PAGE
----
The global financial markets have had a substantial pullback since the majority of British voters decided to leave the European Union. As an investor, it’s been no fun to look at your portfolio and watch your hard-earned savings fall so quickly.
Your mind is racing and you start wondering what, exactly, to do. Should you change your investment mix? Get out of foreign stocks and bonds? Try to buy on the dips? Ignore the noise and hope everything works out OK? If you are like many investors, these are some of the questions you are asking yourself right now.
So what should you do? Here are four things that every investor needs to consider:
1. Determine how much of your portfolio is at risk. Many people believe their portfolio has more risk in it than it actually has, and as a result, they wind up worrying for no reason. It can be a little difficult to determine how much of your portfolio is invested in stocks or foreign junk bonds by simply looking at a statement or online account balance.
For example, you may own an exchange-traded fund that is invested in conservative, short-term bonds. However, because the ETF trades on a stock exchange, it might be listed in your percentage of stocks within your account balance. Further, you may own a balanced fund that owns a variety of investments, so it’s challenging to know how much is in stocks simply by looking at your account holdings. Same thing holds true for target-date funds.
“When people are invested in foreign securities and the U.S. market is performing better, most investors don’t have the patience to wait out the market cycles.”
How can you tell how much of your account is in equities, foreign stocks, European bonds, etc.? There are two ways. First, you can use one of the many tools that are available online, such as Morningstar, and calculate the percentages yourself.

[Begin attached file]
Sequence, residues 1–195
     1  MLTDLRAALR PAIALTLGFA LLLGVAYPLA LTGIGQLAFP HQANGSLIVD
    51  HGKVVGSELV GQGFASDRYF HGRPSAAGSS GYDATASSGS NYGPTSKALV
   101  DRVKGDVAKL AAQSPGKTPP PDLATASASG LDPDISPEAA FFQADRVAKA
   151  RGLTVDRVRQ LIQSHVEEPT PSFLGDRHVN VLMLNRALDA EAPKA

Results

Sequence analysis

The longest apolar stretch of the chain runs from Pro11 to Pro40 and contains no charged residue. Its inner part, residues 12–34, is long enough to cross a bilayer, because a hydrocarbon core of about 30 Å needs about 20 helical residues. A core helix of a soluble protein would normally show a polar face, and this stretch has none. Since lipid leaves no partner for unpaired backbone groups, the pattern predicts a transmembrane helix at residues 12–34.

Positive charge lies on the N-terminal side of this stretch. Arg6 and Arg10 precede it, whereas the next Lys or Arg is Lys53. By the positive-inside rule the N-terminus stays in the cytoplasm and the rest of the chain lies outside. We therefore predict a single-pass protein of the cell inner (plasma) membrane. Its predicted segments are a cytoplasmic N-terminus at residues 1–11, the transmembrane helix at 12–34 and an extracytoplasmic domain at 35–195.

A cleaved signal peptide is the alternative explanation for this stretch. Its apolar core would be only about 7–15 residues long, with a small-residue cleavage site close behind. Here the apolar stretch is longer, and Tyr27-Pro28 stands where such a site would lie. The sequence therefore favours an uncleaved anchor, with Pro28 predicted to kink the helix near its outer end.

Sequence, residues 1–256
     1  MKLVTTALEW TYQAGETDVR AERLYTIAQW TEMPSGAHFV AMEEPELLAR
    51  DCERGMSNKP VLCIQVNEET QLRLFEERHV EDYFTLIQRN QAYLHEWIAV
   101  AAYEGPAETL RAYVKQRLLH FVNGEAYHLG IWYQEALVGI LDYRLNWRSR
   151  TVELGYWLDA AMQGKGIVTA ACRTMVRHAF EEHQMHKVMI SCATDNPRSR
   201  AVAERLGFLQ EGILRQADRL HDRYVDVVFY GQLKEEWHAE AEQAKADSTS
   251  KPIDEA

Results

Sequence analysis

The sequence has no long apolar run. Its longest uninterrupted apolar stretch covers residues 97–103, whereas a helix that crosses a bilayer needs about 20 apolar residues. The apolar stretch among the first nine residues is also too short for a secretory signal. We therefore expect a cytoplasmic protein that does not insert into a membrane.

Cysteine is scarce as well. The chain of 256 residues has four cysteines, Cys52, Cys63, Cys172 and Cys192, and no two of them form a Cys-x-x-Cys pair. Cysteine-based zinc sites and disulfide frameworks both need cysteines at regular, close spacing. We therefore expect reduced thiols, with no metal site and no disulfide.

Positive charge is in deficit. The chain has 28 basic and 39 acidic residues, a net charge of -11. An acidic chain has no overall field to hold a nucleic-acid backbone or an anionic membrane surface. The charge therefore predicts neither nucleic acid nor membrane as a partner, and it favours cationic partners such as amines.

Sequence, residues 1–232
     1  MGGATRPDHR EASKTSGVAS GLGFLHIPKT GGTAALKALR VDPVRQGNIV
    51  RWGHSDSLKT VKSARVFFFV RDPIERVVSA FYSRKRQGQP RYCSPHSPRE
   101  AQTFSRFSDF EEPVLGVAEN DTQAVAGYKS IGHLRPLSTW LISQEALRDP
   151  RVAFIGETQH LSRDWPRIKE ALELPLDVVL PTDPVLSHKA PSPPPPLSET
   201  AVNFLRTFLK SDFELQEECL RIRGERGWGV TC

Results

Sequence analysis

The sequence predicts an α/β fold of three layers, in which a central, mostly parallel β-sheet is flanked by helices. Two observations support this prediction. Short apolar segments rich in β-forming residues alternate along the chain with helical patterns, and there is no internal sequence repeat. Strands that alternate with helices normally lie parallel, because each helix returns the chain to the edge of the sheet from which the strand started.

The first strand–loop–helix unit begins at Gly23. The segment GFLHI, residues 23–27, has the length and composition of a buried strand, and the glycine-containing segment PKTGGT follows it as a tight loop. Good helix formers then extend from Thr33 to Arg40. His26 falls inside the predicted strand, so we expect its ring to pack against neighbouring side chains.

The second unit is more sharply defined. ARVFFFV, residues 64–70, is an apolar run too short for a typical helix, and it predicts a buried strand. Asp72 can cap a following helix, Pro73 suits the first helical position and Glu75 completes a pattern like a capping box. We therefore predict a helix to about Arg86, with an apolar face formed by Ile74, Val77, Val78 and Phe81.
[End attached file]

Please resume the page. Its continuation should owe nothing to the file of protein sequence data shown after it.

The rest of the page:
Or, if you work with an advisor, he or she should simply be able to provide you a detailed report. In fact, many advisory firms have tools that are linked to your account so that they can both calculate your correct allocations as well as illustrate how your account may react in the future.
I’ve found that just by going through this exercise, people have a greater understanding of what they actually own within their portfolio and oftentimes have much more safe assets than they believed beforehand.
2. Assess your cash needs. If you are in a position where you’ll need a chunk of cash within the next five years, make sure these dollars are not invested in stocks. For example, if you have a kid heading to college in the next year or two, you shouldn’t have tuition money bouncing around in stocks. Or if you are retired and taking income from your portfolio, you’ll want to make sure you have at least five years’ worth of income that is parked in more conservative investments.
3. Reduce foreign holdings. I realize that many financial professionals argue that it’s prudent to have a third or more of your portfolio invested in foreign securities, but I don’t think that’s always wise. The reason is this: When people are invested in foreign securities and the U.S. market is performing better, most investors don’t have the patience to wait out the market cycles. They’ll sell their foreign holdings, often at the wrong times.
Another reason to keep foreign securities at a smaller piece of your allocation — say, maybe 20 percent — is because of the currency markets. The dollar has rallied sharply the past few years, which has reduced the value of foreign securities. If you plan on moving to Europe, then having a bunch of investments denominated in European securities may make sense. But if you plan on staying in the United States, why load up on assets that have to be converted back to U.S. dollars?